The Securities and Exchange Commission is poised to dust off a rule proposal on exchange-traded funds that was first released in 2008.
“This is a rule the staff would love to do,” Diane Blizzard, associate director of the SEC’s Division of Investment Management, said at the Investment Company Institute’s Mutual Fund and Investment Management Conference in Orlando, Fla., on Monday. “We’re looking at issues that really weren’t addressed in ’08 but are issues now.”
Among the areas that a revised rule would touch on are the distinctions between active and index funds, transparency surrounding indirect and underlying instruments, flexibility in the creativity the funds could exercise, and inverse leverage.
“The way to look at this is that we’re hitting the refresh button,” Ms. Blizzard said.
She didn’t provide a timeline.
“We’re hopeful it will happen sometime soon, but we can’t give you any specifics,” Ms. Blizzard said.
Without a rule in place, the Division of Investment Management makes individual decisions as to whether to approve new ETFs.
The industry has changed dramatically since the first rule was proposed, said John Zerr, general counsel at Invesco Advisers Inc.
“The distinctions that I think made sense back six years ago may not be all that relevant today, as our very creative product developers are seeking to fill market needs, and those market needs don’t think about the world in buckets of active or passive,” Mr. Zerr said to Ms. Blizzard as they participated on the same panel.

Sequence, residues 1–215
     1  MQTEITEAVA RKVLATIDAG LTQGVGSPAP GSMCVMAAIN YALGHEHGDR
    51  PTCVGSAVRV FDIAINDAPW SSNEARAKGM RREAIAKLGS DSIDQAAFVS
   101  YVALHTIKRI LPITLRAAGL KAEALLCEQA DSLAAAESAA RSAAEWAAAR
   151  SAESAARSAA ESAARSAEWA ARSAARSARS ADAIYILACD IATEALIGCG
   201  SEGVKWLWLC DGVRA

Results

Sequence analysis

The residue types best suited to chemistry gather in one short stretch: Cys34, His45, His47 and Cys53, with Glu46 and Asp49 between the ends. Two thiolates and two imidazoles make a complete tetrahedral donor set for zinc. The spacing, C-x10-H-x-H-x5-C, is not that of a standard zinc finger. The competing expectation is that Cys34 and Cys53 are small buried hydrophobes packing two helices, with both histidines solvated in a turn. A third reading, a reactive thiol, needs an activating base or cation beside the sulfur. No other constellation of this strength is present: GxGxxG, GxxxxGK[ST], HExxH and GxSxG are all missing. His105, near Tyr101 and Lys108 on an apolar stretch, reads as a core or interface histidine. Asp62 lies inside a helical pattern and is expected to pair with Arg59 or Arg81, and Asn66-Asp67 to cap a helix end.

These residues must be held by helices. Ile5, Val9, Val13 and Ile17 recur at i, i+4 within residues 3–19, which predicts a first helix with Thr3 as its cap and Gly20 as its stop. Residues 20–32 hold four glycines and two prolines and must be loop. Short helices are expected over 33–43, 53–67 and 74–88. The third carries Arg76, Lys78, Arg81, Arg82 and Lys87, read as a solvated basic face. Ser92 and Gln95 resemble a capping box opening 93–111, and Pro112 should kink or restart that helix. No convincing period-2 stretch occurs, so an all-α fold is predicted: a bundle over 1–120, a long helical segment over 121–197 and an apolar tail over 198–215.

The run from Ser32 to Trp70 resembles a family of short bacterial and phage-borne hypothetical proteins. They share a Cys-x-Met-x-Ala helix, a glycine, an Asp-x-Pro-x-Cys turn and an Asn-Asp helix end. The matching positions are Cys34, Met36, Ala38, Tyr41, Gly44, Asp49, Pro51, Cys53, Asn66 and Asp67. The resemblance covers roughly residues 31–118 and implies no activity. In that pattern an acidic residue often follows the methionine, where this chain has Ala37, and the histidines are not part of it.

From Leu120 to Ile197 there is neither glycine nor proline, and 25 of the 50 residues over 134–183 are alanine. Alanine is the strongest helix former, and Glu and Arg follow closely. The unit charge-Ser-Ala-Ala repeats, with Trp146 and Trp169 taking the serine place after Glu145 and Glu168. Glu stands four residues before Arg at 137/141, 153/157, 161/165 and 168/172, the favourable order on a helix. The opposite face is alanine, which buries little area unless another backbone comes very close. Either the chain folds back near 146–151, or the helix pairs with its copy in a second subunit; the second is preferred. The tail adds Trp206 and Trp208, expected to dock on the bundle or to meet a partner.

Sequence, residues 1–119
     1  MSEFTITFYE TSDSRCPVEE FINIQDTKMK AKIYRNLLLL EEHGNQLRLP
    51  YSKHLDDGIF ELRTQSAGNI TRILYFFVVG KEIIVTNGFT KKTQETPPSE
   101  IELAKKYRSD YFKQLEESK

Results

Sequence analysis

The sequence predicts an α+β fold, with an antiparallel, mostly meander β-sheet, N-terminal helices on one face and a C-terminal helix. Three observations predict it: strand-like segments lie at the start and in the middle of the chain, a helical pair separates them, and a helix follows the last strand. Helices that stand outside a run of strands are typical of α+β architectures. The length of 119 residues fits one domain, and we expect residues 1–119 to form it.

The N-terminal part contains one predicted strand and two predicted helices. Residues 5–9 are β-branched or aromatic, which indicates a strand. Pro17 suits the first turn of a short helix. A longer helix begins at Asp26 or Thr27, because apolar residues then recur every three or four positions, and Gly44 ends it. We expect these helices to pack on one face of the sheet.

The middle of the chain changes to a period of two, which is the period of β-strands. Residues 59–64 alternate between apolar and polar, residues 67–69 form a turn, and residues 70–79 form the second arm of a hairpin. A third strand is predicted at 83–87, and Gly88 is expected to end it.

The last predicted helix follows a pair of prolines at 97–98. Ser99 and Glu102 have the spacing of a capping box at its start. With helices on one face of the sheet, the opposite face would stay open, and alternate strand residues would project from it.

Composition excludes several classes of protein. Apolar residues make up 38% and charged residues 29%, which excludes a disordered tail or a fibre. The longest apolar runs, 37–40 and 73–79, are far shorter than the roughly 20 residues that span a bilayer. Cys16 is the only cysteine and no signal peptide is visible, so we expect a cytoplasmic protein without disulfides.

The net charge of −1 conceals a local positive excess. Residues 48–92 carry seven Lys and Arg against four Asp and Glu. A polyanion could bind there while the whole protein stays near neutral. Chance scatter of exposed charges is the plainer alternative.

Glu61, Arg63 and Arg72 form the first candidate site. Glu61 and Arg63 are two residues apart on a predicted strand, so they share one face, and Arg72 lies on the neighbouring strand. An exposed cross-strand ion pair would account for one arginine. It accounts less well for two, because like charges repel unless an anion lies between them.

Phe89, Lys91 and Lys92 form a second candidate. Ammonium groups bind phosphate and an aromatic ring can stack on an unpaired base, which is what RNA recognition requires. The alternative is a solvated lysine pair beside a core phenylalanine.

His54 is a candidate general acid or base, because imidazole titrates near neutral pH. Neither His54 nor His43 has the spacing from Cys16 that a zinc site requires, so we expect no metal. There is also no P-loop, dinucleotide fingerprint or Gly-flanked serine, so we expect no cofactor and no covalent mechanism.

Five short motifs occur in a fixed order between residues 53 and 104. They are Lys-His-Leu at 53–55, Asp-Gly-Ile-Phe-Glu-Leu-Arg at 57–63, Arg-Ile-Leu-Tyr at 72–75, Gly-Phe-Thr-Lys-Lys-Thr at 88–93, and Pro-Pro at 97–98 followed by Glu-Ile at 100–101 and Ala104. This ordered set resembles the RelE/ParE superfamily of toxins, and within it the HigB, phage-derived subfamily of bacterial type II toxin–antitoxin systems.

The SEC staff will listen to the industry so that the rule keeps pace with the market, Ms. Blizzard said.
“We’re going to be asking a lot of questions that you’re asking yourselves and that you’re asking us here,” Ms. Blizzard said. “In the release, you’ll have the opportunity to comment and provide us the benefit of your experience.”
Another item on the agenda of the Division of Investment Management is improving disclosures related to variable annuities.
Norm Champ, director of the division, said at the conference that the complexity, costs and benefits surrounding the products have to be better explained to “seniors and others seeking ways to fund retirement in a low-interest-rate environment.”
“We do think this is an important initiative,” Mr. Champ said. “Currently, those who buy variable annuities are provided with disclosure that resembles almost the thickness of a phone book.”
As they follow regulatory developments at the SEC, Mr. Champ encouraged conference attendees to read guidance updates the division posts on its section of the agency’s website. The SEC issued 14 updates in 2013 and three so far this year.
“We see them as helpful communications representing staff thinking on discrete issues, not as substitutes for rule making or exemptive approvals and no-action relief,” Mr. Champ said.